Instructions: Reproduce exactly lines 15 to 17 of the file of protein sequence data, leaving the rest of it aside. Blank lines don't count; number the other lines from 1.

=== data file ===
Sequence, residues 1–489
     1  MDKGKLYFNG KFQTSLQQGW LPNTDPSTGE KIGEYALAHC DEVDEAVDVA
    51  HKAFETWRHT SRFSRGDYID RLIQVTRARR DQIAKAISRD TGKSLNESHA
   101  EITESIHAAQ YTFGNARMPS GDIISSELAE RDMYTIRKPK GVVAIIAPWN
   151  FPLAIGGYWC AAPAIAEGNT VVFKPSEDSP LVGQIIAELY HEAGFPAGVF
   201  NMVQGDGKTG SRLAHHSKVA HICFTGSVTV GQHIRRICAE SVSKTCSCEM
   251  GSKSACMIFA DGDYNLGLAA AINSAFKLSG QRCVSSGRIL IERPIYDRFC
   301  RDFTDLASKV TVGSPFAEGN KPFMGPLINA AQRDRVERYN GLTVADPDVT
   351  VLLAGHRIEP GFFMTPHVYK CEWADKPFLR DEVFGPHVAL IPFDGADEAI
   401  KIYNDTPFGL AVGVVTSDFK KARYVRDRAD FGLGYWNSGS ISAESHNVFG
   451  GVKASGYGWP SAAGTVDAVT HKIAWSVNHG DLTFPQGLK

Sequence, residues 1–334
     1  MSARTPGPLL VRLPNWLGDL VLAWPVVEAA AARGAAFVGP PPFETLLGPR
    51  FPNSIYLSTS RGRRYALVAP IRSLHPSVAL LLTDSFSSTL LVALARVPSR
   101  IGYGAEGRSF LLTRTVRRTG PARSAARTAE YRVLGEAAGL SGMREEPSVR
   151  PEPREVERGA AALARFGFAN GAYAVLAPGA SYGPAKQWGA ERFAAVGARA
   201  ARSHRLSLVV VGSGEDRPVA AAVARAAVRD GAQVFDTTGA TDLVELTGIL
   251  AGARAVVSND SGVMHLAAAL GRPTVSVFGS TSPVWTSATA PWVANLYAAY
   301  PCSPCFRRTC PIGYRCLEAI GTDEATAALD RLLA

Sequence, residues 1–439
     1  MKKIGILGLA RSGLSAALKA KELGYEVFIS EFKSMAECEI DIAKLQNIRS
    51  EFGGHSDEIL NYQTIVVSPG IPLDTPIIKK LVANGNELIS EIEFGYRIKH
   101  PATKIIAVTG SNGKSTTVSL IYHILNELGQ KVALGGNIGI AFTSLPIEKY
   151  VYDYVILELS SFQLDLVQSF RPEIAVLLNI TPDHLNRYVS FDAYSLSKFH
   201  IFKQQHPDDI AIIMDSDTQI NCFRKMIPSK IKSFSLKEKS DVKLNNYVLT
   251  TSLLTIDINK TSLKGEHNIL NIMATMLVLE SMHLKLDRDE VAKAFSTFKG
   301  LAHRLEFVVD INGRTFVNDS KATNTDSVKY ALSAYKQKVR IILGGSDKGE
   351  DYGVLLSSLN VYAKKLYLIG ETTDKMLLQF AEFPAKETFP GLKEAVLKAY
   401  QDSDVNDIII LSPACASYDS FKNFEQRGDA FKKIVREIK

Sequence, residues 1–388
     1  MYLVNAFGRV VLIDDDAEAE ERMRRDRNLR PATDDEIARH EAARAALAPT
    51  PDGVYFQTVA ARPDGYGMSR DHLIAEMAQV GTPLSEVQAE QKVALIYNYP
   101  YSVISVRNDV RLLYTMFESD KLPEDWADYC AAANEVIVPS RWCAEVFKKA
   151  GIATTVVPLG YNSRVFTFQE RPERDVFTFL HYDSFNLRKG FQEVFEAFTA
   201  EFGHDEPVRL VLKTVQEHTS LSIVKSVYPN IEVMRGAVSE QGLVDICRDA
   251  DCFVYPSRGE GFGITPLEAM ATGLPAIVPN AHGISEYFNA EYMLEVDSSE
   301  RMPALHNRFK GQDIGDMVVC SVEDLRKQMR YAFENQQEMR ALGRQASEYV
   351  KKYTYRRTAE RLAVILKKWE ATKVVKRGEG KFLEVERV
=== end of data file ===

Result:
   101  IGYGAEGRSF LLTRTVRRTG PARSAARTAE YRVLGEAAGL SGMREEPSVR
   151  PEPREVERGA AALARFGFAN GAYAVLAPGA SYGPAKQWGA ERFAAVGARA
   201  ARSHRLSLVV VGSGEDRPVA AAVARAAVRD GAQVFDTTGA TDLVELTGIL